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Wireless 2.4 GHz Directional Antenna Calculator

This calculator requires the use of Javascript enabled and capable browsers. This calculator is designed to give experimentation data for construction and use of a wireless range extending antenna. Detailed experimentation guidelines are below the calculator. Enter the diameter of the can and click on Calculate.

Unit
Number
Required Data Entry
Can Dish Diameter Inches
   
Calculated Results
Cutoff Frequency For TE11 Operation MHz
Cutoff Frequency For TM01 Operation MHz
Guide Wavelength Size Inches
1/4 Guide Wavelength Size Inches
1/2 Guide Wavelength Size Inches
5/8 Guide Wavelength Size Inches
3/4 Guide Wavelength Size Inches

Low Cost Home Brew Waveguide Antenna For 802.11b
Wireless Networks And Other 2.4GHz Applications


Here is a do it yourself (DIY) project that is an inexpensive way to increase the range of your wireless network or cordless phone. This idea is not new and has many names such as shell cell, cantenna, bazooka antenna, canned antenna and tin can annie. We like to call it a recycled waveguide antenna. Whatever you call it, it is an interesting project that takes very little time and very little money. Total time should be under an hour and total cost under $10.00, even if you don't have an electronics junk box at home. While this has worked very well for me, there is a certain amount of risk to equipment any time you experiment. We assume no responsibility or liability. In order to do this, you will need to gather a group of materials needed. Call it scavenging or preparation; it should not take long. For one recycled dish, you will need:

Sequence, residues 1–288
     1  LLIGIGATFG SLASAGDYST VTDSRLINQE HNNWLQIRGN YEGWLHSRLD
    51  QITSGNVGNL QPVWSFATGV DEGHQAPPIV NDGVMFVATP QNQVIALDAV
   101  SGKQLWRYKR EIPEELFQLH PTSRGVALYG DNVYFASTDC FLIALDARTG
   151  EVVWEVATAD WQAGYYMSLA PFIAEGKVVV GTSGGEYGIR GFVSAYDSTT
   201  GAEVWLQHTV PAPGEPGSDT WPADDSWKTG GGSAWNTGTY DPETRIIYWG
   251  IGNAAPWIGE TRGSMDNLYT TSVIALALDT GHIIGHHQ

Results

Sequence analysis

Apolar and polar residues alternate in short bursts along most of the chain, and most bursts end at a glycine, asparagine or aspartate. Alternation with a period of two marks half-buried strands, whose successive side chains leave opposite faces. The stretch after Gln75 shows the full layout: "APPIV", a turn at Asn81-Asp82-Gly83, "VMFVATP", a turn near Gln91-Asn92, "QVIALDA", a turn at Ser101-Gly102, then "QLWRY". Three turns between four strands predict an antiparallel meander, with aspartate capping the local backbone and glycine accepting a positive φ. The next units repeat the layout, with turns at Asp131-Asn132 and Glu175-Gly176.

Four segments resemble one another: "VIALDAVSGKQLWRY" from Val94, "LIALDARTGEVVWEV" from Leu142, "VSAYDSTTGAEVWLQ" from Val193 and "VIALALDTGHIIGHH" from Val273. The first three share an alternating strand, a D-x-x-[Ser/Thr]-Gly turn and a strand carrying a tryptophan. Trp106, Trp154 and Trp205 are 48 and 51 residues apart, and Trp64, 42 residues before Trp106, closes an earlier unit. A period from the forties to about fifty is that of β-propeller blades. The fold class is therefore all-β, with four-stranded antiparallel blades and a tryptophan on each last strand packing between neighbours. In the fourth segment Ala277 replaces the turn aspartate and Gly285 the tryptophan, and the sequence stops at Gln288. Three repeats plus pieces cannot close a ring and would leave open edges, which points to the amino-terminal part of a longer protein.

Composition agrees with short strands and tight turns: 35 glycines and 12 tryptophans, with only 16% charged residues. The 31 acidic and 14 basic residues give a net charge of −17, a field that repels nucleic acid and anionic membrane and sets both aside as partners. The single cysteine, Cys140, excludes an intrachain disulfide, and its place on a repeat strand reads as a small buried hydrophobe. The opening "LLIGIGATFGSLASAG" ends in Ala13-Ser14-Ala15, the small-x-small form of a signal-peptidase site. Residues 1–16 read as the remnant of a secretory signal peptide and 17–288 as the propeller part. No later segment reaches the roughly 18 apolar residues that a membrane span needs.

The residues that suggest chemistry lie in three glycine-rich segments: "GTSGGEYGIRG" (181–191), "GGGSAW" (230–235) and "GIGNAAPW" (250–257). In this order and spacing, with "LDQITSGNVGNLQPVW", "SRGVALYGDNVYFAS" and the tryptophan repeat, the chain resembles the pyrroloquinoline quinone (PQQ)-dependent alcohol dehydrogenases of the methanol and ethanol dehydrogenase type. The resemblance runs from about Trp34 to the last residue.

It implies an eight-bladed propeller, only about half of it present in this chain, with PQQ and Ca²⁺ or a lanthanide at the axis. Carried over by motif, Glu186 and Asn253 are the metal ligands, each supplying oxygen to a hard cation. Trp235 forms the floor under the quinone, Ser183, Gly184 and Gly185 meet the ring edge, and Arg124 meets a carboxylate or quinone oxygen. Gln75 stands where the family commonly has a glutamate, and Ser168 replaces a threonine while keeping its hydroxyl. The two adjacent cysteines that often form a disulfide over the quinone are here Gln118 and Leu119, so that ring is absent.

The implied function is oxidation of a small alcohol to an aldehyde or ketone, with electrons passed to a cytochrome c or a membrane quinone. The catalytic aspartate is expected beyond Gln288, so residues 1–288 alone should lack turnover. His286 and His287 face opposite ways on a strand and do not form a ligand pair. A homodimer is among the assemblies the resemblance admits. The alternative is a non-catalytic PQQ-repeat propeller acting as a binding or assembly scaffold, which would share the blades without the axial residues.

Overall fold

1. 1 - N-Type Female chassis mount connector.
2. 1 - Copper 12 gauge wire about 2 inches long.
3. Several small nuts and bolts or other mounting hardware for mounting the connector.
4. 1 - Can.

The N type female chassis mount connector is typically used in radio applications. Hams and electronics hobbyists may have one hiding in the junk box. Most came so that they mount by way of four small screw or nuts and bolts; some had other mounting brackets. We will mount this to the our recycled directional dish. One side is N-female for connecting the cable from your wireless equipment. The other side has a small brass stub for attaching the small piece of wire with solder.

The can that worked best for me was 3.25 inches in diameter. The other people trying this have used other sizes between 3 inches and 3.75 inches with success. Some tried cans 6 to 7.5 inches in diameter. They also worked. While there is no exact length of the can cylinder, the longer the can, the better the performance but the more directional it is. The calculator will provide the approximate numbers for actual installation of the connector into the side of the can cylinder. Enter the diameter of the can and click on Calculate. Drill or punch holes in your can to mount the connector the length of the 1/4 wave guide from the closed end of the can. The center conductor that will be soldered to the brass stub cannot ground against the can. The shell of the connector does ground to the can. Before actually mounting the connector, prepare the 12 gauge wire to be soldered onto the brass stub of the connector. The length from the connector that worked best for me was 1.21 inches. It should be perpendicular to the shell of the cylinder when mounted in the connector and the connector to the can. Hook up your cable from the wireless device external antenna port, point the antenna at another device and test the antenna. This is a linear polarized antenna. The direction it is pointing and the vertical angles are important. Generally line of sight (LOS) is a good rule. Most all wireless networks have tests for signal strength. Test prior to the project and after the project. Experiment with angles and directions. Also experiment with can sizes and perhaps positioning of the connector. Good luck. We would love to hear from you with results.
Updated 8.15.11


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